Preferable I am away from the road not to hear those heavy engines trotting against the hill, but with all the above taken into account, this is usual not the case. And so I still need earplugs.
Red earth, unknown creatures in camp, birds with big bills flying over, insects never seen and faster than helicopters. The sun rising in the East and setting there again.
Sugar cane, orange groves as far as the eye reach and bamboo sky-high. Suddenly I am amongst it all and not a moment I have to get used to it, rearrange my inner clock or settle to sooth. I feel at home immediately, except for the many hills, constant up and down. Yet I do wonder: why can’t I be normal? Though I don’t feel abnormal, just a bit different, or so I think…
Mango, tasting how they ought to; dripping with nectar. Sliding with a new knife through never eaten fruit, slicing so enthusiastically I cut my tongue too. At first I find the prices in the supermercado high, later on I discover the food at the posto and roadside restaurants is comparing cheap, and huge in amount. Sometimes I am offered a meal for free, or birthday cake, or freshly made soup, or little gifts like a roll of toilet paper and candies ‘glucose, good for you’, and that all keeps baffling me. Once I rolled into a village and asked where I could take a shower. A big dark man accompanied me to an elderly lady who seemed to be known as offering her shower.
White tips of bird wings are adjusting to the airflow. Butterflies zoom past. Camouflaged insects see my lens aimed at their tiny being and make ready to flee. That typical innate behavior I notice in myself when wild camping. I don’t want to be seen. Neither want the creature in my camp. I have no clue about the animal world living in the bush of Brazil, however cultivated most of the land is. But things are in my camp, sniffing around at my toilet pit. Meanwhile I am waiting until the sun moves behind the tree. It might be winter, it’s warm.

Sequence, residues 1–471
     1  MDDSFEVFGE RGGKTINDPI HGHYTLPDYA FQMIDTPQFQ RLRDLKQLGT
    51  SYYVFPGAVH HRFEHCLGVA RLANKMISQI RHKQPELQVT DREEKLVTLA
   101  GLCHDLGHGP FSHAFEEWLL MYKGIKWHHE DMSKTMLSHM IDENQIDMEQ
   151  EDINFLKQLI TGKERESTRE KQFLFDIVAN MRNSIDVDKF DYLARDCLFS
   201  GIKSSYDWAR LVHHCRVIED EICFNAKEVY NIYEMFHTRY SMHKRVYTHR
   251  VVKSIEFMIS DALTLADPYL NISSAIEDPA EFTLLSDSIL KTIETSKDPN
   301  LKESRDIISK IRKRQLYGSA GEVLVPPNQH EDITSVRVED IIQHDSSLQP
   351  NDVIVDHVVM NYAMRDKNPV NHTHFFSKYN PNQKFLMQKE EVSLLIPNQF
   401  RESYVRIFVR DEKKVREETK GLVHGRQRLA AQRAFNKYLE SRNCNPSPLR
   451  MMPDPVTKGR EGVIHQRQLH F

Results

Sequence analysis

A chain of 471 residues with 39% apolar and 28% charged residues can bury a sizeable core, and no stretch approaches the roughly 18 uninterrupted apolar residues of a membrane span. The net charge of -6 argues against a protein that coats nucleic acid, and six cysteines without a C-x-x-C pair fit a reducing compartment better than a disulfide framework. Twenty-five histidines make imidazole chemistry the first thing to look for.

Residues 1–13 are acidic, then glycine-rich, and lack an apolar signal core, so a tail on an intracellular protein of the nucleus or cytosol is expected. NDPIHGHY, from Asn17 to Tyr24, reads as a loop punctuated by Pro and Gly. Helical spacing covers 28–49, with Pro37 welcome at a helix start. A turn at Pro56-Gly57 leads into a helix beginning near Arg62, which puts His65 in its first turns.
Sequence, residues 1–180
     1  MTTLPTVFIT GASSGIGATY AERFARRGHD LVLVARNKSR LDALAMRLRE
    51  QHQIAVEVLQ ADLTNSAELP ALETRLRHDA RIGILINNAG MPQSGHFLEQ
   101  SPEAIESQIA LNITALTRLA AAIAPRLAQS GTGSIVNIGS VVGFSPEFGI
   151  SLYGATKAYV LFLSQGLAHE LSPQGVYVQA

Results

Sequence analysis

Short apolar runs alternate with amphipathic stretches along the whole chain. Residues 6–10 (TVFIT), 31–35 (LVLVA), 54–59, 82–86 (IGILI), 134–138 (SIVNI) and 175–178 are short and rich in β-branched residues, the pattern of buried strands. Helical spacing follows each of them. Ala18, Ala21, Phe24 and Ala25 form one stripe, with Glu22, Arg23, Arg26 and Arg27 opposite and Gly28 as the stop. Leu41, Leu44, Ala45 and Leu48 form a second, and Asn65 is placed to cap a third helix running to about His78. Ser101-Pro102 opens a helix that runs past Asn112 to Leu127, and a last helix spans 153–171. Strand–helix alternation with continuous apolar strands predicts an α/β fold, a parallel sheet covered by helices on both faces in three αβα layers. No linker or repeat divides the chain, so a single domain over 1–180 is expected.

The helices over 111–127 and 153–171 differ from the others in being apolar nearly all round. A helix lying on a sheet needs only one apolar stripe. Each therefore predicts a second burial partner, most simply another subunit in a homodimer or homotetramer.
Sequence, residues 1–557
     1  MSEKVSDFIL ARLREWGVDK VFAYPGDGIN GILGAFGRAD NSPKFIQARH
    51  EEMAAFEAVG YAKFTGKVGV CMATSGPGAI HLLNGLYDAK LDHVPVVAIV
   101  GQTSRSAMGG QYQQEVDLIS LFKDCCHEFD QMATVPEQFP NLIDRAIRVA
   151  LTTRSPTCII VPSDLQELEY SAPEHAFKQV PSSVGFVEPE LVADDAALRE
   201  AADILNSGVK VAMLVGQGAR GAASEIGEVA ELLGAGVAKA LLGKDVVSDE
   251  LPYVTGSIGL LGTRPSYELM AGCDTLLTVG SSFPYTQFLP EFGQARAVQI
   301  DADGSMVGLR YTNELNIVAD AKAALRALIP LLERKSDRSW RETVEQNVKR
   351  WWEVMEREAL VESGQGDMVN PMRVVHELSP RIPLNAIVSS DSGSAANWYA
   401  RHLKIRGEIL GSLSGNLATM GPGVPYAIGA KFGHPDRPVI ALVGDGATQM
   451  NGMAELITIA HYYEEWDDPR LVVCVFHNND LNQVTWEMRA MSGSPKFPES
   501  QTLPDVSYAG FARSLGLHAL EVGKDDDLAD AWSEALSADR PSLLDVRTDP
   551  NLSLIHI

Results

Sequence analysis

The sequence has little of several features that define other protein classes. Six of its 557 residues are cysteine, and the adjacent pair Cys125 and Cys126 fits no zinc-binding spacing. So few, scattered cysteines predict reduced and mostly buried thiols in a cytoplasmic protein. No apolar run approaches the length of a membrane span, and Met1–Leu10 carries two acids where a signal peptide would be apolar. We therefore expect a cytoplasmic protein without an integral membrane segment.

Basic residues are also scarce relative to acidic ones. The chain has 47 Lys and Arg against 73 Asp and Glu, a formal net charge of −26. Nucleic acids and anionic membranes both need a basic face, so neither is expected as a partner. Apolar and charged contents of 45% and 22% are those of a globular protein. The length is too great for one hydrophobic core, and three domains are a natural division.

It’s not that my ego is big
Being a cyclist is being a bit of a weirdo, carrying your own stuff, camping in plowed fields and sugarcane plantations. Eating out of the pan and using the plot behind your tent as toilet. Being happy with the occasionally rain shower so that your clothes are cleaned. Yet, most passerby’s don’t know that. Nevertheless, cars do stop and trucks irregularly too, not occasionally just after they’ve passed me. Previous experience has learned me that people who do so, want something from that abnormal cyclist I am. That is, in countries such as Iran and East Turkey, not irregular these people want more than just a photograph. They want the whole picture.
So each time a car stops I think it’s for me. And when I pass, it turns out it is not. When a truck has stopped I assume he did so because he liked the picture he saw. It’s not. They stopped because the first is making a phone call, the latter has technical issues.
It are my thoughts, that are formed by the first experiences as a backpacker in India, East Turkey and Iran. And later as a cyclist being fortified in Iran. And now in Brazil I notice how these thoughts have progressed, and how mistaken they are. What am I to think of that one particular man who’d approached me while whizzing down his zipper or perhaps he closed them instead? What am I to think of the road worker who went off in the bush -I am camping stealthily and he is just 6 meters away from me- who flaps back his heavy synthetic apron and start snagging his trousers probably he went for a pee? Or what about the man who leads me on his motorbike out of a city onto the highway and further on towards a desolate farm road, waving his hand in a creepy was, being too familiar with me. He was just helping me, and presenting me with a cold drink and a candy bar.